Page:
Softbank owned Arm Ltd is experiencing some unusual corporate drama in China. According to a Bloomberg report, citing an Arm Ltd statement it received, the boss of Arm China is refusing to step down after being fired. Furthermore, the 'rogue boss', Allen Wu, has hired security guards to stop outside Arm execs visiting the premises, and isn't conducting business in Arm's interest.
Mr Wu is "propagating false information and creating a culture of fear and confusion among Arm China employees," a UK-based Arm Ltd representative said in a statement. "Allen's focus on his own self-preservation has also put China semiconductor innovation at risk as he has attempted to block the critical communication and support our China partners require from Arm for ongoing and future chip designs."
The problem with Wu seems to have originated earlier this year. In June, Arm China's board, which includes representatives from Arm Ltd and Chinese investors, decided to oust Wu after discovering he set up an investment firm competing with Arm business in China. Wu has refused to accept the decision and stays in control at the Arm China HQ in Shenzhen. One must understand that Wu has some leverage due to Chinese law and company registration, even though he is a US citizen. Wu holds the company's registration documents and the company seal, chop, or stamp - and he won't give this up at this time.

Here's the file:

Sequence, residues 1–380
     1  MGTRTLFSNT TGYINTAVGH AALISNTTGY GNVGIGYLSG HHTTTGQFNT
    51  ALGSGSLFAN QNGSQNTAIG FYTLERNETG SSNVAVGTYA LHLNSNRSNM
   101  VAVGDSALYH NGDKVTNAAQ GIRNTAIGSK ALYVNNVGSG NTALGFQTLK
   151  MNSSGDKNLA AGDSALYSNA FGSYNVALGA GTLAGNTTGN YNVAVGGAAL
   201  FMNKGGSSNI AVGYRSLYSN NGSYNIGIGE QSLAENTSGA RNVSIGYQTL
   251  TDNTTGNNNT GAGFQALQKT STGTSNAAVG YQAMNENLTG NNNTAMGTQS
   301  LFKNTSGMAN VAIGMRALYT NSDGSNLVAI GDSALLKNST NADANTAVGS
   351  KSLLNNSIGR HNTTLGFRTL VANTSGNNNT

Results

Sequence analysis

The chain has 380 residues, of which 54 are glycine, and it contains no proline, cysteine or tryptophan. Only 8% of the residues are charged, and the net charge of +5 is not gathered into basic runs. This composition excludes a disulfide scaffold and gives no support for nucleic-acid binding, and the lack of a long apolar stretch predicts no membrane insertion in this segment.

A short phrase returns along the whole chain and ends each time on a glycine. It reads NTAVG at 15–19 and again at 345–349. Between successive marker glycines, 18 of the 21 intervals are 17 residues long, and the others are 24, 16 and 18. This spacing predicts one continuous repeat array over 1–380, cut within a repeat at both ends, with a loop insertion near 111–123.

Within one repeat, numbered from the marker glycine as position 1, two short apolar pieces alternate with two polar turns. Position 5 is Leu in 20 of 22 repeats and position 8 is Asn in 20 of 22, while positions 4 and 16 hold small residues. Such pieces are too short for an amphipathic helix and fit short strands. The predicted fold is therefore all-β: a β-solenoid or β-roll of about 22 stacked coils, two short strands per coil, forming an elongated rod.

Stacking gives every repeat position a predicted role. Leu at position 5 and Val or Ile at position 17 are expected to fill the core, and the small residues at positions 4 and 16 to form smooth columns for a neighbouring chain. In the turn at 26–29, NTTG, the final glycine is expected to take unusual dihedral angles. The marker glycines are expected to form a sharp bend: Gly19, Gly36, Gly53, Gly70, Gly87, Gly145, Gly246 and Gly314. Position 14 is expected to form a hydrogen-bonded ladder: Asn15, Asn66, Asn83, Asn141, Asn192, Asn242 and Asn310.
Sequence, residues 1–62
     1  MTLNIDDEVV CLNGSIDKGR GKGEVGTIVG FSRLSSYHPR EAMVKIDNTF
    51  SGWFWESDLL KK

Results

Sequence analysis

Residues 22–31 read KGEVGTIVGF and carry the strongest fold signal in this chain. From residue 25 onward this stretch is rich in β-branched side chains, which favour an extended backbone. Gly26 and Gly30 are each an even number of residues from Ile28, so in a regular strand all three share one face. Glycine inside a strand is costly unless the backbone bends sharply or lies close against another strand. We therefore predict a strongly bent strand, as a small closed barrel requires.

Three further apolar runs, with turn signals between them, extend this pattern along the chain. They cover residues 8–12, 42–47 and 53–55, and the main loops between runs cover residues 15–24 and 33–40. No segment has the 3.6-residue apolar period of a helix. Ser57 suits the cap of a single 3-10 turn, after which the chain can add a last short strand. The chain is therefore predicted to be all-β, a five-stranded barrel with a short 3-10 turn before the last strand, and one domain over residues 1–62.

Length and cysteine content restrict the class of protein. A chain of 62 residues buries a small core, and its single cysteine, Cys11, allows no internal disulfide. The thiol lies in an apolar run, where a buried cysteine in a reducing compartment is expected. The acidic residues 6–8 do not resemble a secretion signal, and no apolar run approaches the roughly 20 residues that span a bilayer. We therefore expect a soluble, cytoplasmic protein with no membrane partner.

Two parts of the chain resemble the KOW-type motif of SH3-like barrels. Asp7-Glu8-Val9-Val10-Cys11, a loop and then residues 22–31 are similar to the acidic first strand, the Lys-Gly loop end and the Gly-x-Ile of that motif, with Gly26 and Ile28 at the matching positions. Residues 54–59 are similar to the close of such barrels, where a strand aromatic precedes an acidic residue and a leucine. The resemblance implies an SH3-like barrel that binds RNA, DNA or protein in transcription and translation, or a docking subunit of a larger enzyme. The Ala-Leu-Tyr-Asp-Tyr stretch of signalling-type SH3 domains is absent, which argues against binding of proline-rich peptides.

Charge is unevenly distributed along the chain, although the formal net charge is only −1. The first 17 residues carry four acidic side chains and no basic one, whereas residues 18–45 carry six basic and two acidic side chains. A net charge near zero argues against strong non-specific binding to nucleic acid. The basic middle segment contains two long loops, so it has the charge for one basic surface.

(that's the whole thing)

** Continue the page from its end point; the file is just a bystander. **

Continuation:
Another side to this argument
Arm China employees aren't happy about the unfolding situation either. An open letter signed by 176 employees and shared on China's WeChat, complains that directors of Arm Ltd and Hopu Investments have contacted Arm China's customers and threatened to modify or cancel existing contracts. Moreover, some staff say that they have individually received "threats and harassment," from those parties.
Softbank is currently pondering over the sale or public stock listing of Arm. Nvidia is said to be one of the parties interested in making a deal. However, this kind of corporate turmoil in China isn't a helpful background to negotiations and deals.
It is difficult to know how this situation will be resolved in the strategically important China operation with its main function of selling chip design licenses in the country. Both parties have asked Chinese regulators for support but will Chinese regulatory bodies step in to help resolve the situation either way? In the background, UK and China relations aren't very warm right now.